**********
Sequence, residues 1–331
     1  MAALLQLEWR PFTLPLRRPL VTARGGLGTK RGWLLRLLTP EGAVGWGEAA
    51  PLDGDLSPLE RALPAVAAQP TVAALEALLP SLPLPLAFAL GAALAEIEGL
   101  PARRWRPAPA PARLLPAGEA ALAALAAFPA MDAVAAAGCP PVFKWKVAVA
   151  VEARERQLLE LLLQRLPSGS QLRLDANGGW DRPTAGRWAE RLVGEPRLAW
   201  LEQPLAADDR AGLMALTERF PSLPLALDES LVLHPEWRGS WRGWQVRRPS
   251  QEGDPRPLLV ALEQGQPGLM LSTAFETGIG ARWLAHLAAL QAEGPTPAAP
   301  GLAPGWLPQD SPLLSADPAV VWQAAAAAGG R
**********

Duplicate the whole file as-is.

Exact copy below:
Sequence, residues 1–331
     1  MAALLQLEWR PFTLPLRRPL VTARGGLGTK RGWLLRLLTP EGAVGWGEAA
    51  PLDGDLSPLE RALPAVAAQP TVAALEALLP SLPLPLAFAL GAALAEIEGL
   101  PARRWRPAPA PARLLPAGEA ALAALAAFPA MDAVAAAGCP PVFKWKVAVA
   151  VEARERQLLE LLLQRLPSGS QLRLDANGGW DRPTAGRWAE RLVGEPRLAW
   201  LEQPLAADDR AGLMALTERF PSLPLALDES LVLHPEWRGS WRGWQVRRPS
   251  QEGDPRPLLV ALEQGQPGLM LSTAFETGIG ARWLAHLAAL QAEGPTPAAP
   301  GLAPGWLPQD SPLLSADPAV VWQAAAAAGG R